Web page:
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RE: heavy timber frame

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Bruce,

Nels gives a viable option, but don't discount the mortise and tenon
option that the timber framer "wanted".  Mortise and tenon joints will
have some "moment capacity" (relative rigidity at the joint), and may have
more rigidity that the use of kerf/knife plate as the joint will likely be
tighter at the dowels (this assumes that you are talking "true" timber
framing which uses mortise and tenon joints with wood [typically oak]
pegs).  I would have to say that more than likely a mortise and tenon
joint with at least a couple of pegs and/or maybe a spline should more
than likely handle lateral loads that result from someone leaning or
pushing on the frame.  Resisting seismic is a potentially different
matter.

Quantifying capacity/rigidity of such connections will be a little
tougher.  You can try to make use of a moment on a bolt/dowel group type
calculations (i.e. figure J of the bolts/dowels and then figure
distribution of the moment to the various dowels as shear loads on each
dowel/bolt and then use NDS equations for the capacity of the
bolts/dowels...this will get a rough capacity, but there are "issues"
with this method).

As I do part-time work for a timber framer, I deal with mortise and tenon
as well as steel knife plate type connections on a regular basis.  We
typically do NOT really on the timber frame for lateral resistance
(usually use SIP shearwalls, stick-framed shearwalls, propertary
shearwalls, etc for that), but when we do rely on the timber frame, we
will do it with knee braces.  Generally speaking wood ain't so go for
moment connections.  This is not to say that wood cannot have moment
capacity/rigidity...just usually not too much.  But from your description,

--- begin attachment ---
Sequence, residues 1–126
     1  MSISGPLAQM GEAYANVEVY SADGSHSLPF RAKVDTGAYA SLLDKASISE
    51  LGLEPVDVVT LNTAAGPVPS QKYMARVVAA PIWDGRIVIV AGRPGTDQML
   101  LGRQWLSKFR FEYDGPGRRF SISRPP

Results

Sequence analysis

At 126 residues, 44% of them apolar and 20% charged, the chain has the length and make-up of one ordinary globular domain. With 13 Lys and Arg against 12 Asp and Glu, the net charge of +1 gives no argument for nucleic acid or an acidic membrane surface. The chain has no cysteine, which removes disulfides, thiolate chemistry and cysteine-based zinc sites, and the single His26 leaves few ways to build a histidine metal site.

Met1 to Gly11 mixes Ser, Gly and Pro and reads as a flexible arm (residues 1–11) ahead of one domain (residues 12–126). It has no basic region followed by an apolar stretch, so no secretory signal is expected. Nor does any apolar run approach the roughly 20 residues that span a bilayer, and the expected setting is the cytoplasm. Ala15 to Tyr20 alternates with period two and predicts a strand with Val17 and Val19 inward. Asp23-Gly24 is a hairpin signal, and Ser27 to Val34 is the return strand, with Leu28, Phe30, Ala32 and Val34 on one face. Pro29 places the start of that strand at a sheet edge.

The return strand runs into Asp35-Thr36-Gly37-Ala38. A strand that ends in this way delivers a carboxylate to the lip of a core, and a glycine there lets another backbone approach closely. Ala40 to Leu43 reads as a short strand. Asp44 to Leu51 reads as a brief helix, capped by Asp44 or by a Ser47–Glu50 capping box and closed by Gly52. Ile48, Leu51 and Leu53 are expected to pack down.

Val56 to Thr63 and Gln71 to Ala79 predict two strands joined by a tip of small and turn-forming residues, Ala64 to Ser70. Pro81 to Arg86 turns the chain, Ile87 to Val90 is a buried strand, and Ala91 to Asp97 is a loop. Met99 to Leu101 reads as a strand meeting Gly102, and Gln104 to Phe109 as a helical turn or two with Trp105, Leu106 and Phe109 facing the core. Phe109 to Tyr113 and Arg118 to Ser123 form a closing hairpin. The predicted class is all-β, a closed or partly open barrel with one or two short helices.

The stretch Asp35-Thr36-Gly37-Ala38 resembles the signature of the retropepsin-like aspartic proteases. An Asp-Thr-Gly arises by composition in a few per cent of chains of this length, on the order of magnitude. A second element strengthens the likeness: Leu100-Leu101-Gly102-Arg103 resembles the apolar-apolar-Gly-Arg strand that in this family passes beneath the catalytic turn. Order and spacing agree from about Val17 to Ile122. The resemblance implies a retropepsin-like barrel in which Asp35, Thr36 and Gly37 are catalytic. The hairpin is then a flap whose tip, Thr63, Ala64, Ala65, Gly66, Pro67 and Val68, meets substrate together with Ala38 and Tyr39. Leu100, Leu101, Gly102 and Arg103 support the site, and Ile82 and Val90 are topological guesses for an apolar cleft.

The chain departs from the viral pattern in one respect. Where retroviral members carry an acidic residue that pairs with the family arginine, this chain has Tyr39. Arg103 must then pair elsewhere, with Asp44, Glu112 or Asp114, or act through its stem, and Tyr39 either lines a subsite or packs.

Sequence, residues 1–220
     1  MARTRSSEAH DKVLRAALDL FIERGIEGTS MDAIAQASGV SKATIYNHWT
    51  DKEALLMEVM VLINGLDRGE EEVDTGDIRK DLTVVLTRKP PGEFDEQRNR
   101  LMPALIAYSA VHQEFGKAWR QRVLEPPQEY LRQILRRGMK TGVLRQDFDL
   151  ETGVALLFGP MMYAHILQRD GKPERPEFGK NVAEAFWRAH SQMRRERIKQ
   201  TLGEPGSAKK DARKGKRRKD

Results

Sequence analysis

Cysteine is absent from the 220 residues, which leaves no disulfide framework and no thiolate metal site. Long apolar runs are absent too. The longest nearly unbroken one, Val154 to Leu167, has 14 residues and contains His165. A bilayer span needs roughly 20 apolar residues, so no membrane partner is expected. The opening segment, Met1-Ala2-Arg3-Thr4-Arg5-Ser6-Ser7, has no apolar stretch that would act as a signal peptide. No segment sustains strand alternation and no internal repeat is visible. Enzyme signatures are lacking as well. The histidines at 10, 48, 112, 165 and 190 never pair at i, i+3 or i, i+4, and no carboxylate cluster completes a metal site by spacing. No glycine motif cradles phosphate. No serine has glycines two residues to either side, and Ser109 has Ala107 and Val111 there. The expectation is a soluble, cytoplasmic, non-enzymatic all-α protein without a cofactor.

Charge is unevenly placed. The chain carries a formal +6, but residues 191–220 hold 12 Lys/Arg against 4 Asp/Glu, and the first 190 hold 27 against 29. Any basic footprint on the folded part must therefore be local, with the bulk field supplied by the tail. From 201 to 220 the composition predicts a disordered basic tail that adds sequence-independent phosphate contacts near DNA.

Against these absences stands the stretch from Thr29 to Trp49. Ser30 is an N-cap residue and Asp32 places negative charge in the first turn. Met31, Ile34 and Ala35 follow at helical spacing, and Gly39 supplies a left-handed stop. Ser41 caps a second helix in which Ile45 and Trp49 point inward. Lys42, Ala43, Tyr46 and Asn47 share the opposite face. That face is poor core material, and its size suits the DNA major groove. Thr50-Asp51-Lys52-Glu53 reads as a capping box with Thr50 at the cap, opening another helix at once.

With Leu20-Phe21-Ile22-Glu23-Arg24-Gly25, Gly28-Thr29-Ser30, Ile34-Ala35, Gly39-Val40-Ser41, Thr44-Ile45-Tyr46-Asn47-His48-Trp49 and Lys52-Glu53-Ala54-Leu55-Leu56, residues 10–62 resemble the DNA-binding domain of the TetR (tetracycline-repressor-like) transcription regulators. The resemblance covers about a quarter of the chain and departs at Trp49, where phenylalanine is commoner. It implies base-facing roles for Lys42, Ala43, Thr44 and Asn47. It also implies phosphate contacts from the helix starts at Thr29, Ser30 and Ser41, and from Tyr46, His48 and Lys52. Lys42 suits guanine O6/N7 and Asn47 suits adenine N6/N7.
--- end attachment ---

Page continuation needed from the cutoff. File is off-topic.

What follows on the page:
you don't need a whole lot.

Free free to contact me "off list" if you want and I can give you a phone
number to call if you would like to discuss.

Regards,

Scott
Adrian, MI


On Thu, 15 Sep 2005, Nels Roselund wrote:

> Bruce,
>
>
>
> Ell-shaped plates installed into kerfs in the centers of the beams and
> columns would engage the wood each side of the plate in double shear; this
> seems like a reasonable way to stiffen the frame – the length of the plates
> and kerfs would be based on the moment and the perpendicular-to-grain
> capacity of the bolted connections.  The holes would need to be drilled with
> templates and drill press in order to avoid the need for oversized holes.
>
>
>
> Nels Roselund, SE
>
> South San Gabriel, CA
>
> njineer(--nospam--at)att.net
>
>   _____
>
> From: Bruce Holcomb [mailto:bholcomb(--nospam--at)brpae.com]
> Sent: Thursday, September 15, 2005 3:05 PM
> To: seaint(--nospam--at)seaint.org
> Subject: RE: heavy timber frame
>
>
>
> Drew,
>
> We did discuss that just a little while ago.  That may be a good option as
> well, although I wonder about the potential movement in the bolted joint due
> to oversizing the hole.  I will probably need to look at this option a
> little but for now, I’ve been asked to not make any changes… the
> “higher-ups” are discussing…
>
>
>
> Thanks.
>
>
>
>
>
> BDH
>
>
>
> -----Original Message-----
> From: Drew Morris [mailto:dmorris(--nospam--at)bbfm.com]
> Sent: Thursday, September 15, 2005 4:47 PM
> To: seaint(--nospam--at)seaint.org
> Subject: Re: heavy timber frame
>
>
>
> Could you add "L" shaped steel plates in the upper corners centered in the
> beams and columns with just bolts exposed?  I'm not sure if this would
> calculate out with the bolts bearing perpendicular to grain, but it would
> stiffen the joints.  Or hide the plates away from view?
>
> Bruce Holcomb wrote:
>
> I have been asked to review a heavy timber frame which will be located
> inside of a retail store and will serve as a canopy over a snack bar.  The
> drawings I received showed 8x8 posts, 8x12 beams and 4x10 purlins… all of
> Cedar.  I see nothing providing lateral stability for the structure.  Even
> though it is inside another building, I want to make sure it doesn’t fall
> over when the first tired customer leans against a post, so I added 6x6 knee
> braces, lag screwed into the beams and columns.  The knee braces extend
> 2’-0” from the inside of the beam / column joint each way.  The client had a
> fit… they don’t want any additional bracing.
>
>
>
> The beams and columns are typically connected with ¼” steel kerf plates.
> Has anyone built this kind of structure without additional bracing?
> Basically, the ¼” kerf plates create a moment joint?  The timber framer has
> said he wanted to change the kerf plates to mortise and tenon joints… will
> that create some lateral stability?
>
>
>
> I’m not too concerned about seismic… it’s in the Midwest, but I may have to
> produce calcs to provide to the city reviewer.  I want to make sure I can
> “prove” the structure is laterally stable.
>
>
>
>
>
> Bruce D. Holcomb
>
>
>
>

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